Mike Heidingsfield, Iraqi Security Force Commissioner

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Mike Heidingsfield spends most of his days studying local crime-fighting strategies in the safety of his downtown Memphis office. But back in 2005, the president of the Memphis Shelby County Crime Commission helped train police forces in Iraq. That experience qualified him for another dangerous task recently.

Heidingsfield spent two weeks in early July in Iraq as part of a commission studying the progress of the Iraqi Security Forces, which includes the Iraqi Army and the Iraqi Police. He, along with 20 others who served on the commission, testified before Congress earlier this month. — by Bianca Phillips

How did you end up on the Iraqi Security Force Commission?

In the appropriations bill that passed Congress in May, there was language inserted by Senator John Warner requiring that an independent commission be established to go to Iraq and assess the progress of the Iraqi Security Forces, which means the Iraqi Army and their military in general and the Iraqi Police.

We were supposed to determine, if in the next 12 to 18 months, they'll be able to secure their borders, deny safehaven to terrorists, re-build their infrastructure, and train additional personnel. That was our mandate.

The commission was chaired by a retired marine corps four-star general. He chose about 15 additional retired general officers to go with him. Then he chose five police executives, so I was one of those.

How do you study the Iraqi Police?

We broke up into teams. The law-enforcement team stayed together. We traveled all over Iraq by helicopter gunship -- all the way north to Kurdistan, west to the Al Anbar Province, east to the Iranian border, and south toward Basra.

We met with the Iraqi Police. We went to their training centers. We sat through their classes. We watched them operate in the field. We interviewed them. We did everything possible to immerse ourselves in what they were doing. It was of no value to stay in the Green Zone and simply be briefed because you don't get a since of what’s really happening.

What did the commission find about Iraqi Army?

On the good side, the Iraqi Army has made very substantial progress. Probably in the next 12 to 18 months, they will have the ability to operate independently of coalition forces. They're much more advanced than the Iraqi police.

If you look toward the regions of the country where you have one religion, you definitely have a level of order that was not there when I was there before. Al Anbar Province is one example because it's all Sunni.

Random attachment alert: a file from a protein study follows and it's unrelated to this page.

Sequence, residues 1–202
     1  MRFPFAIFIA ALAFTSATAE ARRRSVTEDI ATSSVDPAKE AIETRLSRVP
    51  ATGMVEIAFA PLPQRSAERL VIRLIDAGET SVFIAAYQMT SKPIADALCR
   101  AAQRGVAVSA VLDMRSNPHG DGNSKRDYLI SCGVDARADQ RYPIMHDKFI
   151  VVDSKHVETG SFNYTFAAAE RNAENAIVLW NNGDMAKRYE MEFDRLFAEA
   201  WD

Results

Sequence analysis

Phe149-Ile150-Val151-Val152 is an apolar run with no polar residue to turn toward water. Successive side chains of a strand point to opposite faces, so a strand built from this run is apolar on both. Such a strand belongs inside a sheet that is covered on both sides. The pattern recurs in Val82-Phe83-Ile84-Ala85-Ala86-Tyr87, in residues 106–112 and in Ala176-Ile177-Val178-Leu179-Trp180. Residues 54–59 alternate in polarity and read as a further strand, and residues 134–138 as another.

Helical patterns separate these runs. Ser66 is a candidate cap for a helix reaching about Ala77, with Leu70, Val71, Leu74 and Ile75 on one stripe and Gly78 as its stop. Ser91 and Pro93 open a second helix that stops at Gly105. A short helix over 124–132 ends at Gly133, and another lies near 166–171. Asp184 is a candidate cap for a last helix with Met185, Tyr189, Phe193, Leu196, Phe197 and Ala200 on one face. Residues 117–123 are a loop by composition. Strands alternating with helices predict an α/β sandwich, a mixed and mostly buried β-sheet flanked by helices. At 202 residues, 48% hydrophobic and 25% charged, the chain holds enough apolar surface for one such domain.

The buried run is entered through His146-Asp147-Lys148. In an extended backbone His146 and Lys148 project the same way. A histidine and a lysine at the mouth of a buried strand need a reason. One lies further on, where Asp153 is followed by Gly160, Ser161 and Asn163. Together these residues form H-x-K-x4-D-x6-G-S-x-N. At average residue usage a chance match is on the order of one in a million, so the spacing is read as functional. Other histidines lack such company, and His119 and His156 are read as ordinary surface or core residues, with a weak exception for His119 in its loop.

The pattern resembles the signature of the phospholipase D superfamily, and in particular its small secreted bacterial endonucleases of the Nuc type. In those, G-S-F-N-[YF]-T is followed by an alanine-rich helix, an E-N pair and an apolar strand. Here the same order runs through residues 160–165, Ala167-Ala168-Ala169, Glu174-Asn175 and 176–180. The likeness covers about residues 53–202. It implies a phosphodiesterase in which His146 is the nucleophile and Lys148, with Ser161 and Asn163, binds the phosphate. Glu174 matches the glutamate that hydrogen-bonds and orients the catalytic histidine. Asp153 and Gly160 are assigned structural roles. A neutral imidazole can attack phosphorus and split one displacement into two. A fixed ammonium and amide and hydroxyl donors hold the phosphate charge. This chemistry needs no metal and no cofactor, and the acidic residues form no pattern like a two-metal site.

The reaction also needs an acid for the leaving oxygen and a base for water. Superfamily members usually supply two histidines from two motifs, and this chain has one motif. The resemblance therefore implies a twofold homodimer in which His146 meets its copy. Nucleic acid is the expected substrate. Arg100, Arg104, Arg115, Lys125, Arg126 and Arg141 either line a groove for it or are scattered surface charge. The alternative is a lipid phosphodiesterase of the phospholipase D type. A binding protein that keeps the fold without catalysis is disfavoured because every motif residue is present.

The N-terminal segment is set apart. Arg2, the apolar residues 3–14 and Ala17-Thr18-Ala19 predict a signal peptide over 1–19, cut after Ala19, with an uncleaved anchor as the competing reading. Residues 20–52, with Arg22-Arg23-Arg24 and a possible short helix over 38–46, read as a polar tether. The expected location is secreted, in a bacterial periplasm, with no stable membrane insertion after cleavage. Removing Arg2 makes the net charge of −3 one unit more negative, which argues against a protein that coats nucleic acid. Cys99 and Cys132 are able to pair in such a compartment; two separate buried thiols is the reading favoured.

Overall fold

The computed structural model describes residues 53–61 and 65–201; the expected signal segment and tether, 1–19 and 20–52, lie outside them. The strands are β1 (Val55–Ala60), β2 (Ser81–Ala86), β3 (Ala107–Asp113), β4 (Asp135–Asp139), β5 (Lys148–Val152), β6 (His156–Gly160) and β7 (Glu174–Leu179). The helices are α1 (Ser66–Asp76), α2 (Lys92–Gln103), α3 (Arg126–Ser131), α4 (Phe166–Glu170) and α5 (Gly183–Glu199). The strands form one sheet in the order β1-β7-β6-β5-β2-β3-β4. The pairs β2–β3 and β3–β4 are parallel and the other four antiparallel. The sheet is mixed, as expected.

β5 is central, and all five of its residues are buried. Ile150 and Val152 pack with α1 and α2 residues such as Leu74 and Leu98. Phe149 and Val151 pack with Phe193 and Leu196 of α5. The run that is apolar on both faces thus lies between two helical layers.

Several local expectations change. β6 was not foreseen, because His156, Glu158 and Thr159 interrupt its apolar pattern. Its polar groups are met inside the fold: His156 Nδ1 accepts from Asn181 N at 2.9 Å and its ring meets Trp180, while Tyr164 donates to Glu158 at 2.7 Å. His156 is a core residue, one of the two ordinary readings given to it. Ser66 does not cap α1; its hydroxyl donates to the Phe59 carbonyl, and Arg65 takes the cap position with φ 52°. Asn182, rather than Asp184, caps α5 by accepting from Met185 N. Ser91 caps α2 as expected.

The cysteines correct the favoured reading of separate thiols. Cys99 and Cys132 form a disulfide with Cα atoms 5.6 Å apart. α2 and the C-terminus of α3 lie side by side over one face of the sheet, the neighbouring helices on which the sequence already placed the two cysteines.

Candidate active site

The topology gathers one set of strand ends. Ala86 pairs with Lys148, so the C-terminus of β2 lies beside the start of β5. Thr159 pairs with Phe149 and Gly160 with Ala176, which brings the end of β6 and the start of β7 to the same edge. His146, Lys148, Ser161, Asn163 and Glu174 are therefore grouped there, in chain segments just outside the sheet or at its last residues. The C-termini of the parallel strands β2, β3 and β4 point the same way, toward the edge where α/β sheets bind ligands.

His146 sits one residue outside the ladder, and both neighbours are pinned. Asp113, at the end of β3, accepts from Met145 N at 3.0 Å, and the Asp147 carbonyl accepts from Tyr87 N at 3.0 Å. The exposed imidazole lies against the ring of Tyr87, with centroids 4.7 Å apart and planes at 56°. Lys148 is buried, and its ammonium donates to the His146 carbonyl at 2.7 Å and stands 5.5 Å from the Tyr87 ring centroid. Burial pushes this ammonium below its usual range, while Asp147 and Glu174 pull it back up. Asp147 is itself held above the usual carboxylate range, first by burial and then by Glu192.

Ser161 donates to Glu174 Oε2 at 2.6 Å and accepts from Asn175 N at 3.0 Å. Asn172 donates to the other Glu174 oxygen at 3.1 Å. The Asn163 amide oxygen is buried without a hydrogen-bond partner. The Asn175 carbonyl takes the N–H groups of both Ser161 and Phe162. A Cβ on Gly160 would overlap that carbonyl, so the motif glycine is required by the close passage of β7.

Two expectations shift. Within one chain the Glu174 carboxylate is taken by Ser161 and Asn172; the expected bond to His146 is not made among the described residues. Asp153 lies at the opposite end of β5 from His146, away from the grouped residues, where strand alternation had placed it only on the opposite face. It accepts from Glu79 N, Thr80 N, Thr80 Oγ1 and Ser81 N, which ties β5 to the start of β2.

Conversely, Baghdad itself is as or more dangerous than it was when I was there previously. The sectarian violence seems more apparent and more deliberate. In Basra, because the British are drawing down their presence, there is very significant violence that, ironically, is Shiite on Shiite. They're trying to see who will prevail down there in the oil-rich country.

What about the Iraqi Police?

The Iraqi police are struggling terribly. You have the Iraqi Police Service, which is a national force of 235,000 members. They still remain under-trained, compromised by having a significant number within their membership who are militia members or insurgents. They're under-equipped. They're under-armed, and it's very difficult for them to do their job. It's aggravated by the fact that, unlike the Iraqi Army, which is controlled by the Ministry of Defense, the Iraqi Police are controlled by the Ministry of the Interior, which is roughly equivalent to our Justice Department.

The Ministry of the Interior is just a dysfunctional bureaucracy. It is riddled with sectarianism. There is a massive amount of distrust and a complete unwillingness to share power or information. As a result of that, the Iraqi Police, as you try to mature them and develop them as a force, suffer terribly.

There's also an Iraqi National Police organization. So you have the Iraqi Police Service, the IPS, with 235,000 members. They're throughout the country at 1,200 different locations.

The Iraqi National Police, which is an organization of 25,000 people, are sort of a flying squad for the Interior Ministry. They're really not police except in name. They're more like commandoes. They're heavily rumored to be involved in death squads and torture and are universally disliked in Iraq.

One of our recommendations is that the 25,000-man force should be deconstructed and re-organized. It should be probably one-quarter the size it is now, down to about 6,000 men. They should have specific, highly specialized skills, like urban search and rescue, dealing with improvised explosive devices, tasks that require a highly developed skill level, but don't have any political connotation. The rest of them should be disbanded and maybe put into the Iraqi Police Services or the Iraqi Army.

It's kind of a mixed bag. There's no doubt the borders are not secure. They cannot secure the infrastructure. They cannot deny safehaven to terrorists, and they're having great difficultly training additional forces. It's a pretty pessimistic picture.

Their police force is set up like the military. When you say police officer in Iraq, that's like a captain or a colonel or a general. They have 10,000 generals in the Iraqi Police. Everybody's a general. They’re the bosses.

Then they have shurtas, which is the worker bees. But there's nothing in between, and that’s one of the issues. The shurtas don't have any independent decision-making authority. And the whole notion of first-line supervisors or middle management doesn't exist in Iraq.